If there is one thing that will bother some players, it is the overall length of each level. The game sports 10 stages overall, but each one is quite massive. They're so large that unless you're playing on the easiest difficulty level or using cheats to modify other elements like damage, it can take an average of an hour to complete a stage. There are a few checkpoints per level, and you have a few lives to work with, but if you lose them all, you'll restart at the very beginning of the stage. Without the ability to quick save, this can be brutal, as the increased enemy count and the vicious bosse means that you'll spend loads of time replaying the same stages before you can properly move on.

While the game can be played solo, there are a number of multiplayer modes. Co-op for the main campaign supports up to four players, and there's a horde mode that's also good for four players, though some may question the need for that since the campaign is already teeming with a plethora of enemies. The game also sports both free-for-all and team varieties of deathmatch for up to 12 people. Longtime fans will note those numbers are rather paltry since the first-person shooters were running with up to 16 players for both deathmatch and the co-op campaign, but this title has more enemies at any one time than the first-person shooter does.

The problem is that the online community for the game is rather small, if almost nonexistent. In the time we reviewed this title, we found no one running a game for others to join. When we tried to host our own game, no one came to join for almost 30 minutes. We're told that the ability to have local multiplayer is coming soon, but until then, you might as well treat this as a purely solo experience.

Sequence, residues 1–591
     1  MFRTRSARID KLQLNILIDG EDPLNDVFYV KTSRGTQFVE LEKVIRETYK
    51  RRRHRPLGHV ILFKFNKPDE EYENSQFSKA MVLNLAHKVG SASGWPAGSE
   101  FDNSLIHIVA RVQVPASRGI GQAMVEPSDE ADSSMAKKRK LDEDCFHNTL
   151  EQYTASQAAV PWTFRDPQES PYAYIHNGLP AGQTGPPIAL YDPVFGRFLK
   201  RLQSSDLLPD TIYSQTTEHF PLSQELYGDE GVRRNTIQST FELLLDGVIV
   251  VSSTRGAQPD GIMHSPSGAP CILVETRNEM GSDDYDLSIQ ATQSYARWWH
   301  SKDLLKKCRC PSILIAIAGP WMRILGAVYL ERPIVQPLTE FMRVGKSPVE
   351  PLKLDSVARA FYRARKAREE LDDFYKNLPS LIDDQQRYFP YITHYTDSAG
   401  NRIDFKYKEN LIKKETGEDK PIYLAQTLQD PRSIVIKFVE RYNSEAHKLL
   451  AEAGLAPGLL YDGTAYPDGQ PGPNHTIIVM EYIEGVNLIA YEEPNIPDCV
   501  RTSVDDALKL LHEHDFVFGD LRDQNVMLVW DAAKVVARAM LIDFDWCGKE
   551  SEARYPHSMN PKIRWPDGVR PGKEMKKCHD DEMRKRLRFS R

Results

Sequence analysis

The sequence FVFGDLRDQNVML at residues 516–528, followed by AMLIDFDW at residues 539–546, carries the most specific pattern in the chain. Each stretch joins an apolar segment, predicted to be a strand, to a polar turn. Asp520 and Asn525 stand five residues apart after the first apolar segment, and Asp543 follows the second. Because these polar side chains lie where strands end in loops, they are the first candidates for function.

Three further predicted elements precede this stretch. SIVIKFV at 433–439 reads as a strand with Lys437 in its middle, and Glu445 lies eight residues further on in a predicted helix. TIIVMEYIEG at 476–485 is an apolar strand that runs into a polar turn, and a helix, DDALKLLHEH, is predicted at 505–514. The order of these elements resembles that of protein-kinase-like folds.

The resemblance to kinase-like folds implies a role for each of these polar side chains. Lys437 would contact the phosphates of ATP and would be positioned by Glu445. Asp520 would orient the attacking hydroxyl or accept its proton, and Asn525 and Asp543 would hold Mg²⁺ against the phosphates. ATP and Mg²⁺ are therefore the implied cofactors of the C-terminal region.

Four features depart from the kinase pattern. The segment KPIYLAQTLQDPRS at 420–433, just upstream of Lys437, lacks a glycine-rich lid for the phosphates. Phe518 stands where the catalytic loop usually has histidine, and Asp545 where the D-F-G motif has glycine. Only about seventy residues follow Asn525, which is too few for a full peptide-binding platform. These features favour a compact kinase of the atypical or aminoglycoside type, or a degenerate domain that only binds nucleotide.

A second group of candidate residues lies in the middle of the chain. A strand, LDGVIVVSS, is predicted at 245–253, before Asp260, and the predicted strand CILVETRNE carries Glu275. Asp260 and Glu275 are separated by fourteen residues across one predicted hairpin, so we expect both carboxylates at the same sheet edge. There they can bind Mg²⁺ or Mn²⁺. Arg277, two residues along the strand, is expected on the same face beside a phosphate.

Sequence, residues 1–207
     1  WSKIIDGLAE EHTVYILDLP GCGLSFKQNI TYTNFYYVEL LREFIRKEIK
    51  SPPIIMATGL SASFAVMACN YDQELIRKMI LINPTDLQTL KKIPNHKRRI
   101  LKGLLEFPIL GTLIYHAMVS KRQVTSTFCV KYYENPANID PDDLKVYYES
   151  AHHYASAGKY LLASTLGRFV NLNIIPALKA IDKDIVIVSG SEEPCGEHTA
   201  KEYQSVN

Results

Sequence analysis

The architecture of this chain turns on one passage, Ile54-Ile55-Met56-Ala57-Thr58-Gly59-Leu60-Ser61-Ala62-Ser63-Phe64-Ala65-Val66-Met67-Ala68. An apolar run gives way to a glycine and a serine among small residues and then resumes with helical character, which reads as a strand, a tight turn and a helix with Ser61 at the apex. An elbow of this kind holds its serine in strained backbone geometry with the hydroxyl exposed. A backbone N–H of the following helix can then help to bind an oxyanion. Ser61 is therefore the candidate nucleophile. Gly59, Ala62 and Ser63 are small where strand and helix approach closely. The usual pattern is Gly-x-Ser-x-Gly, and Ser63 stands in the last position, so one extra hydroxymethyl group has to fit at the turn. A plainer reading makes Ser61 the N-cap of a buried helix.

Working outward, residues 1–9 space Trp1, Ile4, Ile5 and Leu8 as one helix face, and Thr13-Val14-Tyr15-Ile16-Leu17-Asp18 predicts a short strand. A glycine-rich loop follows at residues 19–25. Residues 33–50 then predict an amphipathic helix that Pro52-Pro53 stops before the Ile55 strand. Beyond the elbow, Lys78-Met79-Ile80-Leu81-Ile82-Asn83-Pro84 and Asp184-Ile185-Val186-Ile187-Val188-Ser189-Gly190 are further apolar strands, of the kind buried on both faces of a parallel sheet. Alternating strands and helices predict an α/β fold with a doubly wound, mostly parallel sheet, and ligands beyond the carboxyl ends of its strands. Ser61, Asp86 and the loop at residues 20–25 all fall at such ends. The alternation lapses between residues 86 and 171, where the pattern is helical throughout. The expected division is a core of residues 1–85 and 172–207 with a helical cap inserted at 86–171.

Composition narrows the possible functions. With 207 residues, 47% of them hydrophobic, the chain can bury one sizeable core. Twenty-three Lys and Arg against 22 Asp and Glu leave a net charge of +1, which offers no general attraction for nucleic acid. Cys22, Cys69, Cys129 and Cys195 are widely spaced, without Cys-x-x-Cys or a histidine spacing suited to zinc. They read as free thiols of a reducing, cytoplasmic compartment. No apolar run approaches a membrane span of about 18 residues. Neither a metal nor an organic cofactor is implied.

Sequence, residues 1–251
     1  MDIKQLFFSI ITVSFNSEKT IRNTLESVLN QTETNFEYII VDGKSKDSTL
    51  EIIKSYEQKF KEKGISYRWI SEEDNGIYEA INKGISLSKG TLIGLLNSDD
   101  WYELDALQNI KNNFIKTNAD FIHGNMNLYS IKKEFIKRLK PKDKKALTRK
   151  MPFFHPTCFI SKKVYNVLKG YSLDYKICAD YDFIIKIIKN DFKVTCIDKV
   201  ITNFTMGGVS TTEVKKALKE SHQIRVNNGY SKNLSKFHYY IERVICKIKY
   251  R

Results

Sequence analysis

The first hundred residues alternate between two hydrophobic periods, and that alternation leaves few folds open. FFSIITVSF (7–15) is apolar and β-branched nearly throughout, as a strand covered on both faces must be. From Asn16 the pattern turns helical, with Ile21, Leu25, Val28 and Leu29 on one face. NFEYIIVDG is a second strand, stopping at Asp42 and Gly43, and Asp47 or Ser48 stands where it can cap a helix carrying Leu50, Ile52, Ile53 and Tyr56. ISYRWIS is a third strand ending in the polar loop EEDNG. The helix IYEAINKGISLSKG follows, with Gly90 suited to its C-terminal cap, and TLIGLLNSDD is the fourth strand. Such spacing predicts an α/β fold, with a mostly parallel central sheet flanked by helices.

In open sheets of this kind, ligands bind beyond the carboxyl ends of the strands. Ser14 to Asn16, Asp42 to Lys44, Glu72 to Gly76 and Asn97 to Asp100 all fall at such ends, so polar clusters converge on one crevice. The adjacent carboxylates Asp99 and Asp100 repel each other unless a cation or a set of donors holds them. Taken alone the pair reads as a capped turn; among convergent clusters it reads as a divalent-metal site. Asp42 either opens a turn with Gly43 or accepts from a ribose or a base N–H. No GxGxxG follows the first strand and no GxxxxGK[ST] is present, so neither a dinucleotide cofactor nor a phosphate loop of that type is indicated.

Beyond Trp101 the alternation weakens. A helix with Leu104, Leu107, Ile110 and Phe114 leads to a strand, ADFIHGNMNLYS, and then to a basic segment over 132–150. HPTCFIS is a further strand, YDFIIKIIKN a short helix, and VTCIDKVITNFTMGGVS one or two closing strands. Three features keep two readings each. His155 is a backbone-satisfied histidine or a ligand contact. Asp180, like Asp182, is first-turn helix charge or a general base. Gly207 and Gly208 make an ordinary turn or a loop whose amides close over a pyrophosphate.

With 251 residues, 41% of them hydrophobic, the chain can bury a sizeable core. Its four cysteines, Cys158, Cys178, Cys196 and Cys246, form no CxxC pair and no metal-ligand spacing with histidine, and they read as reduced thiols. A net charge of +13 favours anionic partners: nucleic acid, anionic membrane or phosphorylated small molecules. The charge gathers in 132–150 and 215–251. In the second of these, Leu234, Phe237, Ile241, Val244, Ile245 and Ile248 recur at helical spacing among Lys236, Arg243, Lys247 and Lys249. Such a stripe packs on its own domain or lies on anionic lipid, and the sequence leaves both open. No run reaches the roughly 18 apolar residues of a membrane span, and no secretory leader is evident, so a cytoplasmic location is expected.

Then again, it seems as if the player base is much livelier when it comes to building stages and mods. There are quite a few items in the Steam Workshop that show off the creativity of the community, such as a mode that lets a limitless number of players into the campaign, new overall campaigns, and even a Bomberman clone. It helps that the game automatically comes with modding tools that are easy enough to use.

If you're familiar with the developer's first game, Hammerwatch, then you'll know exactly what to expect from the presentation. The long stages mean that the music can seem to drone on forever, but the constant switching from calmer exploration songs to a more action-packed vibe keeps things moving along. The effects sound exactly like they did in the original shooter, while Sam's voice is just as gruff and charming as ever. Elsewhere, the environments are rendered nicely, and the game seems to handle things well, as it has no issues holding up high frame rates while showing off loads of blood, body parts and enemies on-screen. The only issue comes from the small stature of the enemies, so it's rather difficult to tell them apart or make them instantly recognizable.

Your enjoyment of Serious Sam's Bogus Detour is going to depend on your enjoyment of overly difficult shooters and your need for multiplayer. If the idea of having to traverse very large levels with the distinct possibility of starting all over when you lose all of your lives infuriates you, then this might not be the best game to play. If you want to engage in co-op or adversarial multiplayer, then make sure to convince friends to buy it since the online population is more interested in creating stages and mods than actually playing the core game. For everyone else, Bogus Detour is a solid shooter that is challenging, engaging and worth checking out.

Score: 7.5/10